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Tony Dejak, Associated Press
Former Cincinnati councilman Jeff Berding, left, and former Ohio congressman Dennis Eckart, debate on State Issue Two at The City Club of Cleveland Monday, Oct. 17, 2011, in Cleveland. The two Democrats debated Ohio’s overhaul of collective bargaining rights, with one saying it scapegoats public employee unions and the other saying it evens the playing field with private sector workers.

COLUMBUS, Ohio — A ballot battle over whether to keep Ohio's tough new restrictions on public employee unions could give labor supporters and Democrats a lift going into the presidential election year.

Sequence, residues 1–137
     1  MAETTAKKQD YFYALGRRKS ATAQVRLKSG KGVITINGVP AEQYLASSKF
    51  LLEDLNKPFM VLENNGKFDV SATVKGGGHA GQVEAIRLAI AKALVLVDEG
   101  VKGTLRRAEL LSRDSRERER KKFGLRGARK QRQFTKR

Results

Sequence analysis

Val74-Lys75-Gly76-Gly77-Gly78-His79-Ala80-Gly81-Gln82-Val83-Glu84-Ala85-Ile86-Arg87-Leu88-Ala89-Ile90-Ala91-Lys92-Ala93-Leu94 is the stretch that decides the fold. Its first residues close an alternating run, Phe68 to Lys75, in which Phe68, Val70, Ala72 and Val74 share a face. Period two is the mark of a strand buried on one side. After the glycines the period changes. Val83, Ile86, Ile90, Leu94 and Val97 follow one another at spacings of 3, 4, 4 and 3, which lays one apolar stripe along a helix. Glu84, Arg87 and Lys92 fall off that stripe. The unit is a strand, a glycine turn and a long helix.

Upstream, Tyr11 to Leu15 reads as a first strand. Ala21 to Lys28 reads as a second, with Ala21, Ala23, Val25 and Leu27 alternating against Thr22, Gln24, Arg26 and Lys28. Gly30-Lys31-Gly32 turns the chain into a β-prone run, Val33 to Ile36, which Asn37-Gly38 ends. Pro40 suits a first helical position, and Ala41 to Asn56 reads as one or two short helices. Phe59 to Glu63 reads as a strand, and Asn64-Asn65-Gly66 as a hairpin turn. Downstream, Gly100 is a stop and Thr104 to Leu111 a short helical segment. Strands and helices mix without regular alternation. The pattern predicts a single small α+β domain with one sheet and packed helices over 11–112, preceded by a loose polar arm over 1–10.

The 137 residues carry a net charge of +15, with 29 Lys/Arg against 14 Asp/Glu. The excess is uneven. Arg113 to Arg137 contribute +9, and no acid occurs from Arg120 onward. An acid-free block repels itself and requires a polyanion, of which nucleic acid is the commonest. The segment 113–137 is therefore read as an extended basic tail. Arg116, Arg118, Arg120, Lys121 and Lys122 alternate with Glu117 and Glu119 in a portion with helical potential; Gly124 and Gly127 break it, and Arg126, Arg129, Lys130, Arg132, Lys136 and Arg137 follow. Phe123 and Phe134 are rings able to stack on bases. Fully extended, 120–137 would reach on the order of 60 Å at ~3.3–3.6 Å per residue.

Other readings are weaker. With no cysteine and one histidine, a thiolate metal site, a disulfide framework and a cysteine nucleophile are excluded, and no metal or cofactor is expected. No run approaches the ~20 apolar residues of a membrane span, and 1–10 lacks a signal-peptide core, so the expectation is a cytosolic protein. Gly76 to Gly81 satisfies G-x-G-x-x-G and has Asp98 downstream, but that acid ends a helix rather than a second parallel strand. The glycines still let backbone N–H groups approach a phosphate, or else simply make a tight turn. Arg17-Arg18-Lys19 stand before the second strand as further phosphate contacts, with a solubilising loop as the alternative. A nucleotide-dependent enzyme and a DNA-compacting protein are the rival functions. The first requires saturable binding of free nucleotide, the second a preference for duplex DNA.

But some Democrats fear losing the Nov. 8 referendum could be a dispiriting setback, sapping enthusiasm from the party's progressive base.

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Labor leaders expect to get a better sense of voters' mindsets when Ohioans decide whether to toss out a law that limits the collective bargaining rights of more than 350,000 public workers.

Former Ohio Gov. Ted Strickland told The Associated Press that a victory would benefit not just Democrats running for the Ohio Legislature, but also President Barack Obama and U.S. Sen. Sherrod Brown.

Republicans, however, contend this year's election issue won't have a carry-over effect on the presidential race.